Ariel: I was playing there also a year before and also then I had mixed feelings about it.
Amir: You can justify it theoretically and you can not justify it. Today I know I am just not doing this stuff. The location was really cool but on the other hand…Anyway, we did it. The name of the piece we played is called “Mashtap” (Israeli slang for Palestinians that collaborates with the Israeli army), and it was a good show.
It’s interesting that Amir lived in Musrara at the time which is just two minutes away from that cave. (Musrara is a Jewish neighborhood on the border with East Jerusalem).
Amir: We as Jerusalemites are used to it. But actually Road 1 is like an invisible border that we cross to go shopping, eat and all that , but you don’t enter there culturally although it takes us five minutes walking from my house to the venue. We may have even bought kebab on the way.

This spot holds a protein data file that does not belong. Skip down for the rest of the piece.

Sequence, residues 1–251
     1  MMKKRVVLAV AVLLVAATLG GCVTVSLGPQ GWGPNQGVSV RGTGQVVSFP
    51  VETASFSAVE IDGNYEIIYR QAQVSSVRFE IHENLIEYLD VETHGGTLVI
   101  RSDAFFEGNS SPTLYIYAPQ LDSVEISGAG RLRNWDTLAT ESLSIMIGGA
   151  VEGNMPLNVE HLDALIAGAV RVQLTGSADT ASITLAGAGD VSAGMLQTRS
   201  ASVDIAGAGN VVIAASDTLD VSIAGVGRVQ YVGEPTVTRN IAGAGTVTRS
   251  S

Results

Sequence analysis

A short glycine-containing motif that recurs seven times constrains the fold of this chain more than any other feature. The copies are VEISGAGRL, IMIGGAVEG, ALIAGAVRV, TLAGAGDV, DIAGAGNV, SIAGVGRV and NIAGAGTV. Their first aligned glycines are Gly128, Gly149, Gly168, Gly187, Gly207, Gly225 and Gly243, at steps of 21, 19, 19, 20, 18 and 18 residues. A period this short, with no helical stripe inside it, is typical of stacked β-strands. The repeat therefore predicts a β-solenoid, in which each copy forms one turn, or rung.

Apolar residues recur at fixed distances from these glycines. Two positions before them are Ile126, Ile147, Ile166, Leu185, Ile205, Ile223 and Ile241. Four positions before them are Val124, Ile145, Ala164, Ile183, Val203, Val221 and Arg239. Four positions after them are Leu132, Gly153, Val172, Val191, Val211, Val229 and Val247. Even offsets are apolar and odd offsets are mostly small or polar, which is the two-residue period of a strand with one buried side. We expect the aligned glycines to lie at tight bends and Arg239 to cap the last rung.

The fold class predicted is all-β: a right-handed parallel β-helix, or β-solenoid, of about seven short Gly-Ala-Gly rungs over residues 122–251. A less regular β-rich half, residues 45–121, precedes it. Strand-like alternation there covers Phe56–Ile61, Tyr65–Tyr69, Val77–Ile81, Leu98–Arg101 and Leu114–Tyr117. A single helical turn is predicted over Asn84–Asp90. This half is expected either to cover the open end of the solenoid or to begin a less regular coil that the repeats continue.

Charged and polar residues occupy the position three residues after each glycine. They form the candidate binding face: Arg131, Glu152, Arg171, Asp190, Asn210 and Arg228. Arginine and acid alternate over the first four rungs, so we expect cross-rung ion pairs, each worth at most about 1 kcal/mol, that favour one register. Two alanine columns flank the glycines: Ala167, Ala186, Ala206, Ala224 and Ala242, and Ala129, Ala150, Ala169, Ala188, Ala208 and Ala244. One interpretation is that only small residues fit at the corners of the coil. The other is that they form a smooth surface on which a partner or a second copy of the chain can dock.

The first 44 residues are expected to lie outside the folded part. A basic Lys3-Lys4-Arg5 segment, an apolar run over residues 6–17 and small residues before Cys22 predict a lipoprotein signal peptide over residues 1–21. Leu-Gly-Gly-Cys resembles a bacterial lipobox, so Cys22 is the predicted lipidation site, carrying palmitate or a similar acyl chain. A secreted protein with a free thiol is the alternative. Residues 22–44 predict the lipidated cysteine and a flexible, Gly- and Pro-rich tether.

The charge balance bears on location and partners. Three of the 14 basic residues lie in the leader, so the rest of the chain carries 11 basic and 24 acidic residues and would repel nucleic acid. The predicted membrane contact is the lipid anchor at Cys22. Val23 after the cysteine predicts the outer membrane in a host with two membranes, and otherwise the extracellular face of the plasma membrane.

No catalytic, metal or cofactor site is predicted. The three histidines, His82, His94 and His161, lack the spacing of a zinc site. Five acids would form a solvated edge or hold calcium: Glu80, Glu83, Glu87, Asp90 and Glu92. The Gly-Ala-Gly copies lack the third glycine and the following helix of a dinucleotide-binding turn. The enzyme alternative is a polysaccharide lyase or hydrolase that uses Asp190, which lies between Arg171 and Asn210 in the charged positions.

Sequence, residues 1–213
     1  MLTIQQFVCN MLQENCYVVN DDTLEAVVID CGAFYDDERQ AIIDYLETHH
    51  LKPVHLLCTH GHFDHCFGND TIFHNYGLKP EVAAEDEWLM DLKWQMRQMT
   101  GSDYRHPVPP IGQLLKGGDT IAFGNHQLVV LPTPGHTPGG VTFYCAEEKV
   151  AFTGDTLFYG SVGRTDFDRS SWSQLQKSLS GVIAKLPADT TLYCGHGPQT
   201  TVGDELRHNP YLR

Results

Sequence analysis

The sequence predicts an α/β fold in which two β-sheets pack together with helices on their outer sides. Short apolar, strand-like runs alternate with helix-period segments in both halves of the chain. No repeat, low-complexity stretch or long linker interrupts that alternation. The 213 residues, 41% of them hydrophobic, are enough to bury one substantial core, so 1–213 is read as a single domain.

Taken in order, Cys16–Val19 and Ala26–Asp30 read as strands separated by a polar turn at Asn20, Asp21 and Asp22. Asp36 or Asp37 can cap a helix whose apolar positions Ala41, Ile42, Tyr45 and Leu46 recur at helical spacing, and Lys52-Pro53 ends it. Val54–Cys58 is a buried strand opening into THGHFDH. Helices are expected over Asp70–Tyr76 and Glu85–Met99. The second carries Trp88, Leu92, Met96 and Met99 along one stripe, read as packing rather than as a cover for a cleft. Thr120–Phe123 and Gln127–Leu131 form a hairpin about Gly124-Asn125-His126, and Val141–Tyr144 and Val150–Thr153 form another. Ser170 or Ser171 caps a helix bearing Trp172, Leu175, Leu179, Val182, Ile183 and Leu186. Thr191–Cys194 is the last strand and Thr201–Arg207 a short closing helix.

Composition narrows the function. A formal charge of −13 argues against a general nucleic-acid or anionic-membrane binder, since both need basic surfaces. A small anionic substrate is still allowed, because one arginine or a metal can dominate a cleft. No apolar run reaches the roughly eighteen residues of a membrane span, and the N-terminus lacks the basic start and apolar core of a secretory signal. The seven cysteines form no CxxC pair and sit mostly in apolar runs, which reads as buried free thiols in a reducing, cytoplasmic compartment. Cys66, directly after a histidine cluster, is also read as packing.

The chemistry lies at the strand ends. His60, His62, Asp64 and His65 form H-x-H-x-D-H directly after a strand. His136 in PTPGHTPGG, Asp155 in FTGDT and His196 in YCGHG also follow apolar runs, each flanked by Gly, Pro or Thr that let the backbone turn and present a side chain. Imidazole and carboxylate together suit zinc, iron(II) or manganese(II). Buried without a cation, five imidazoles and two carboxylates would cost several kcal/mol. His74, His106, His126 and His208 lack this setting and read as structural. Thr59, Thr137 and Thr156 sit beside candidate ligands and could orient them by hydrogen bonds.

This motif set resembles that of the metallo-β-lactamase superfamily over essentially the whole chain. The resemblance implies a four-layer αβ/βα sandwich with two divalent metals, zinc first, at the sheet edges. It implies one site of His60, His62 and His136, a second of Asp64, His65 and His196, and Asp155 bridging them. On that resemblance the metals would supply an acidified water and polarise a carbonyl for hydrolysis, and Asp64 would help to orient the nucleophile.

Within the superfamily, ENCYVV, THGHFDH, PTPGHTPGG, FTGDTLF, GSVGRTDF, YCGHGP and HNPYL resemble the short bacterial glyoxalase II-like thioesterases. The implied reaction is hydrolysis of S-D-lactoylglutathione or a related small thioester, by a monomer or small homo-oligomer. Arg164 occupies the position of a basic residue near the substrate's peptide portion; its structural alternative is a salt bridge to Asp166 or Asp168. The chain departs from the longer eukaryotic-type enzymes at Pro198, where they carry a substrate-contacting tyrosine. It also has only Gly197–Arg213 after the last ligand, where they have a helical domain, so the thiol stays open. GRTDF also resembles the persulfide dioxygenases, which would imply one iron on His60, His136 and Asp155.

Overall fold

Why did you choose to call the band Ensemble of Love and Terror?
Amir: The name of the band came piece by piece. The first name “Ensemble of Terror” was an experiment of ours, saying, “If you want us to play there we will do it with a provocative name.”
Ariel: Yes, a name which is evocative, makes people wonder. You are in East Jerusalem and there is a band called Ensemble of Terror. To arouse a bit of discomfort among the crowd, provocation, a cheap provocation.
Amir: I was just waiting for them to say that the name was not appropriate, so that we could say, “Cool, we’re not doing it.”
Ariel: But they approved the name.
And when did love enter into it?
Amir: I was with Áslaug then – I had an Icelandic girlfriend, super cute and she was really not impressed with our name “Ensemble of Terror” saying: “ Why terror?” “There is a gap between how you look and the name”. She was really into pretty things and love and that’s how we expanded the name. In retrospect we found a line from the Shlomo Artzi song (a mainstream Israeli pop singer) Under The Mediterranean Skies, and it goes:
“Under the Mediterranean skies
your hands stroke me with a rare stroke. Soon the election will come. You are a political beast, identifying with minorities. Now this is the time for Mizrahit (oriental style. Half the world sings Greek. Shivers in my body anyhow
from terror and love.”
That’s incredible! But what’s up with the video ?!
Amir: One of the most horrifying clips , yes I really got addicted to the song, not to the clip…Indeed it’s a bit bothering.